"The dividend is a key component of our investment thesis, and we believe it is the best way to provide returns to our shareholders."
-- Jeff Gardner, Windstream CEO, Nov. 8, 2012
Windstream is a company not shy about promoting its dividend at every opportunity, and why not? That dividend currently yields over 11%. With 10-year treasuries still paying well under 2%, to income-hungry investors that Windstream yield is an oasis in the middle of the Sahara.
Or could it be just a mirage?
Is Windstream's dividend a sustainable return reaped from the carrier's successful business practices? Or is the company using the cash it needs to grow its business -- or worse, going further into debt -- to lure investors and keep its stock price higher than it would otherwise deserve?
Windstream maintained in its third-quarter earnings statement that its cash position gave it cushion enough to maintain its business and reward its investors with a sizable dividend.
By Windstream's accounting, it had $182 million of free cash flow and paid out $147 million in dividends by the end of the third quarter. The company maintained that would equate to an 81% dividend-to-FCF payout ratio for the quarter.
I wouldn't call 81% particularly comforting, though it does provide more confidence than the 96.7% dividend-to-FCF Windstream skated on for the fourth quarter of 2011.
That other high-yielding telecom, Frontier Communications , after just slithering by with an even thinner 99.8% dividend-to-FCF ratio for 2011, decided to cut its dividend in half.
Windstream has not given any indication it would do what Frontier did. However, the truly discomforting thing about Windstream's payout ratio is that if it had used the usually accepted method of calculating free cash flow, its dividend-to-FCF ratio would have been a truly unsustainable 148%.
Windstream's own FCF figure of $182 million was derived using its operating income of $247.7 million instead of its net profit of $53.7 million as a starting point. After correctly adding back in non-cash expenses such as depreciation and amortization, it then subtracted what it called "adjusted capital expenditures."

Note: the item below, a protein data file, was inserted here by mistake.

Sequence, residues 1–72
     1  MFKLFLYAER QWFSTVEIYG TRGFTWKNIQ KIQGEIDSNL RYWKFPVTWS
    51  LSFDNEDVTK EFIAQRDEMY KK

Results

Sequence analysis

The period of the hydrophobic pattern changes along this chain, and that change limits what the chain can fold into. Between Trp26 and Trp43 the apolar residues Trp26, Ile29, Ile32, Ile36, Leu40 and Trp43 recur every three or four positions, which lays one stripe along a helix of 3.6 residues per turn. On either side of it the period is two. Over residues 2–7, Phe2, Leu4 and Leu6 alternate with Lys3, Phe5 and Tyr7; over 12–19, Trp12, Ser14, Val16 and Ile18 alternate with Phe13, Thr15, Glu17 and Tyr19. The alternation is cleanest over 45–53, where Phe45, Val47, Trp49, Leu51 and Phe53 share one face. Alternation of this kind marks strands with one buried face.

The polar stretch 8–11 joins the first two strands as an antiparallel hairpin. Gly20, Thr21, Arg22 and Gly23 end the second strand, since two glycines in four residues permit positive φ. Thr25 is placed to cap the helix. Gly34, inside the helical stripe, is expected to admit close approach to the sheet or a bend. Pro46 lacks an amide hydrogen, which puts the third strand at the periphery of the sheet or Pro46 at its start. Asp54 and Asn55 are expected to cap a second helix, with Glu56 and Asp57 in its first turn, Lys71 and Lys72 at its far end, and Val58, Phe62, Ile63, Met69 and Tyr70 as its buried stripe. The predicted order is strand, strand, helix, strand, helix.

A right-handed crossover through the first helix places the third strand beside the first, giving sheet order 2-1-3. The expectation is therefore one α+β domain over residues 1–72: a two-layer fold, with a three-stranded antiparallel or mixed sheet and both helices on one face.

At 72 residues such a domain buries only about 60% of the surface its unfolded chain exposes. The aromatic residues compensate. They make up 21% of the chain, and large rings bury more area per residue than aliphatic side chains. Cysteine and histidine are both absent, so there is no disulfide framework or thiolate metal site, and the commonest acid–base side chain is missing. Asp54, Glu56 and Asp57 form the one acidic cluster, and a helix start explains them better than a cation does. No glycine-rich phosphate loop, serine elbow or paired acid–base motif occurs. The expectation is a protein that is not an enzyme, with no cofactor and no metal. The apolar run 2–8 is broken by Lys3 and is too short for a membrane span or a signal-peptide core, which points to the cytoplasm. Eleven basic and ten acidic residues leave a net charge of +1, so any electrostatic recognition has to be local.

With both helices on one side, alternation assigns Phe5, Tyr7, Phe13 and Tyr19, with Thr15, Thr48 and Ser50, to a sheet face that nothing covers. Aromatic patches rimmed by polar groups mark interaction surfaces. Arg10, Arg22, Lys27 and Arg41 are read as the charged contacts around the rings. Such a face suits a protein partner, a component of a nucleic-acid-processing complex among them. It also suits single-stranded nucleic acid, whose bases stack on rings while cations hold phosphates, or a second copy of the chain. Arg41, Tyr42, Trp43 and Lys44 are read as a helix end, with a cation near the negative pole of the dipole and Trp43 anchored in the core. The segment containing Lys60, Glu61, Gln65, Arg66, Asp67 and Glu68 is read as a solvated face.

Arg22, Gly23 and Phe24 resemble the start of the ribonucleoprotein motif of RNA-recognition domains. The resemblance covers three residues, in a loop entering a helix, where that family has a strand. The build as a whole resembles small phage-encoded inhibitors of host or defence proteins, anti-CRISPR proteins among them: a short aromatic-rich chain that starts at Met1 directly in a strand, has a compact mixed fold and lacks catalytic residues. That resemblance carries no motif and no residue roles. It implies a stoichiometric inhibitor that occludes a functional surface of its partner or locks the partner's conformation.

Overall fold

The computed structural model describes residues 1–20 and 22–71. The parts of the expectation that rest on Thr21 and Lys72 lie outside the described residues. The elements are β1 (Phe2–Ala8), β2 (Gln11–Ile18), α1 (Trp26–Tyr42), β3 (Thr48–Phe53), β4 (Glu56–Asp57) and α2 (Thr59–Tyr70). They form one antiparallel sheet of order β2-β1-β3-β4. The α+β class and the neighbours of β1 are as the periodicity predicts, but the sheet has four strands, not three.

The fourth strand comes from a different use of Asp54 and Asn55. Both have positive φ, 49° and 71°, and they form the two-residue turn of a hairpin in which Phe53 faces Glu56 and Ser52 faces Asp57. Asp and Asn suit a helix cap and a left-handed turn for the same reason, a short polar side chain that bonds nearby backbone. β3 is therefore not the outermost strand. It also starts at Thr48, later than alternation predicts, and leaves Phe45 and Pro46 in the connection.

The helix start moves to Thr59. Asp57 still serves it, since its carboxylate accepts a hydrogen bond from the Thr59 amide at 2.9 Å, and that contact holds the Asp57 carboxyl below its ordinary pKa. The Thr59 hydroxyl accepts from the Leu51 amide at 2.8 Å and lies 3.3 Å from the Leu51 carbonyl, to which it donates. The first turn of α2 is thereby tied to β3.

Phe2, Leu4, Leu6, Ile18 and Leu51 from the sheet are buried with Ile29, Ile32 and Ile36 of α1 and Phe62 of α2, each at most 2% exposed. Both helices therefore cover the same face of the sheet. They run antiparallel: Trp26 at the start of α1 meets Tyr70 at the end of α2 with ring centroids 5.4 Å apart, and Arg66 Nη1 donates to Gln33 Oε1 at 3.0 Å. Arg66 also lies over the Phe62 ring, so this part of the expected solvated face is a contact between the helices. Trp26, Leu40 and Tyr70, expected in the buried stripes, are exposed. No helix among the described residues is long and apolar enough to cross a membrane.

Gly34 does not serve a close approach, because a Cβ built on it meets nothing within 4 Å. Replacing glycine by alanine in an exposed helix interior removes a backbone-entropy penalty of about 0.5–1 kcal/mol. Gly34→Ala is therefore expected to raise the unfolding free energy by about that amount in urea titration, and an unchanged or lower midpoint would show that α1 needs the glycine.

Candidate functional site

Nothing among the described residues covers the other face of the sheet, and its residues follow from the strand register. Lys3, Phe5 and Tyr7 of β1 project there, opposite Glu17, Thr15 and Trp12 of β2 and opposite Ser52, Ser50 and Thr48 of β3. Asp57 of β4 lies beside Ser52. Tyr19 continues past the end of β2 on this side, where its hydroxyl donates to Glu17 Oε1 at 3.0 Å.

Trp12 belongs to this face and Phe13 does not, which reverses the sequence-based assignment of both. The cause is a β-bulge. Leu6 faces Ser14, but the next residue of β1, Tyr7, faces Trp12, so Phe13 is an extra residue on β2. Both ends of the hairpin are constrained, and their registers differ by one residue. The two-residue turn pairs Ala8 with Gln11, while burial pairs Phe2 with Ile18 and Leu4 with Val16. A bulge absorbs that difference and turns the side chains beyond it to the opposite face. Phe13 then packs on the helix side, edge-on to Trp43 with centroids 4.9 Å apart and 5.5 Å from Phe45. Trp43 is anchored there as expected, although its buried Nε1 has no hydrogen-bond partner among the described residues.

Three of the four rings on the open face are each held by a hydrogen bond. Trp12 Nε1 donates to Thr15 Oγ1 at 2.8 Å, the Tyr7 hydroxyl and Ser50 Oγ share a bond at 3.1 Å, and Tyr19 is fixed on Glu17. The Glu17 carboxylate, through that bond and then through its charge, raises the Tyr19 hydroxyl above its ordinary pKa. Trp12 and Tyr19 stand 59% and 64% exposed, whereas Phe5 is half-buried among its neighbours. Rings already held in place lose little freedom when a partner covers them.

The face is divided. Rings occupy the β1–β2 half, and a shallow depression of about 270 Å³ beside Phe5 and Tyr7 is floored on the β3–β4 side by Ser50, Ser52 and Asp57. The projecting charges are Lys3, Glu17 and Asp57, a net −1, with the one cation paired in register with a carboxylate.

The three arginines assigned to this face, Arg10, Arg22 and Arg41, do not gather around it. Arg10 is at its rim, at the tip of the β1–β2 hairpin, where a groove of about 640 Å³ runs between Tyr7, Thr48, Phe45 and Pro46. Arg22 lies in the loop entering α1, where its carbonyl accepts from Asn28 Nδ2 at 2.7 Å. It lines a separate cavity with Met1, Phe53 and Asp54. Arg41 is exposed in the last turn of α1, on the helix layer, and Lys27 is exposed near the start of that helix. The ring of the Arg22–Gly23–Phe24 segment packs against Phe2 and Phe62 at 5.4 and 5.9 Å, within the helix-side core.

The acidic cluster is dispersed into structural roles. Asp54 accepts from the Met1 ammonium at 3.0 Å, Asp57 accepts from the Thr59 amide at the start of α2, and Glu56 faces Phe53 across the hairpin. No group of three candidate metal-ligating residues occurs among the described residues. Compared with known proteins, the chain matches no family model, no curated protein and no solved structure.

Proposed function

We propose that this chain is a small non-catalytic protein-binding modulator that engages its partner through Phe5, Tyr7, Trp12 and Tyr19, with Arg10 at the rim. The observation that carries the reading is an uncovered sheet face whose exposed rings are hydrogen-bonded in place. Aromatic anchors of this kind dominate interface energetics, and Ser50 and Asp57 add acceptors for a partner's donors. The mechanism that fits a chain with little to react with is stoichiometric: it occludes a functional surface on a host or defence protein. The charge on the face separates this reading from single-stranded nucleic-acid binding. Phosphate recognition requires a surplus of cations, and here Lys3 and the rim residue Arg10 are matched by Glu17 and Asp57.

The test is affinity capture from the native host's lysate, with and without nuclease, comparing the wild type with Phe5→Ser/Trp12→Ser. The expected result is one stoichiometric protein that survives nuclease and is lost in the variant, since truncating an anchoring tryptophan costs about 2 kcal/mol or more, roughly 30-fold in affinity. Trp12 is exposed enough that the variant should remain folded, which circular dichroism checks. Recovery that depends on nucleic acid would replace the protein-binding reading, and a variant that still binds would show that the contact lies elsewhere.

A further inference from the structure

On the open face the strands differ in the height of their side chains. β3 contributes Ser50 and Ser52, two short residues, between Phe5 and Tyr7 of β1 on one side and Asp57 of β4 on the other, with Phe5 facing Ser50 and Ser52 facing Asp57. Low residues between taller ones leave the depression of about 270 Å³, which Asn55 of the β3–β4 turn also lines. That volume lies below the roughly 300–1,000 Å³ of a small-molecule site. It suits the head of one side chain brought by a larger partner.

The more universally used method of computing free cash flow -- capital expenditures subtracted from net cash from operating activities (found in the cash flow section of the earnings statement) -- would give a quite different number for free cash flow: $99.5 million. Subtracting that number from the $147 million in dividends gives the 148% dividend-to-FCF ratio.
So the big question for a potential investor would be: Would the chance of Windstream cutting what appears to be an unsustainable dividend -- with the inevitable fall in share price - be worth the risk?
Since fourth quarter earnings won't be out for another two months, we'll have to look at Windstream's last quarter.
Windstream's revenue stream was then up 52% over the same quarter last year, but much of that came from revenue from its PAETEC acquisition. But that increased revenue didn't translate to larger margins. That picture looks like this: Operating margin for Q3 2012 was 16%; for Q3 2011, 27%. Profit margin for Q3 2012 was 3.5%; for Q3 2011, 7.6%.
Windstream has had to assume a large amount of debt to acquire PAETEC and the other companies it has bought recently. That has raised the company's debt-to-EBITDA to an uncomfortably high 3.7. The company had targeted reaching a ratio of 3.2 to 3.4 times EBITDA before the end of 2013, but has backed off on that timeline. Before its acquisitions, that ratio was around 3.0.
Windstream is a fixed-line phone company, a segment of telecommunications that has been in decline for years as the wireless market has been growing. But Windstream has been pushing its Internet access business, which now accounts for almost two-thirds of its residential customers. That residential base is mostly in rural and smaller markets where cable competition is much less.
The Windstream acquisitions have given it cost-cutting opportunities and the ability to expand into other telecom segments. PAETEC brings Windstream the potential of getting deeper into the business services market and the capacity to compete against companies like AT&T and Verizon in that area.
But no matter what the growth potential for the company, and in spite of Windstream management's declaration that it has the free cash flow to continue paying such a high-yielding dividend, it just doesn't seem like that can be maintained. When an already-heavy debt load and the need for capital expenditures go up against dividend payouts, which do you think will win?
Frontier Communications has been one of the telecom industry's dividend high-flyers. While its dividend is tempting, every Frontier investor has to understand that it's not a sure thing. A huge acquisition has transformed Frontier forever. Will the move bear fruit, or are investors destined for another disappointing dividend cut? In this premium research report on Frontier Communications, we walk you through all of the key opportunities and threats facing the company. Better yet, you'll receive a full year of updates to boot. Click here to learn more.
The article Most Dangerous Dividends in Telecom: Windstream originally appeared on Fool.com.
Fool contributor Dan Radovsky owns shares of AT&T and Frontier Communications. The Motley Fool has no positions in the stocks mentioned above. Try any of our Foolish newsletter services free for 30 days. We Fools may not all hold the same opinions, but we all believe that considering a diverse range of insights makes us better investors. The Motley Fool has a disclosure policy.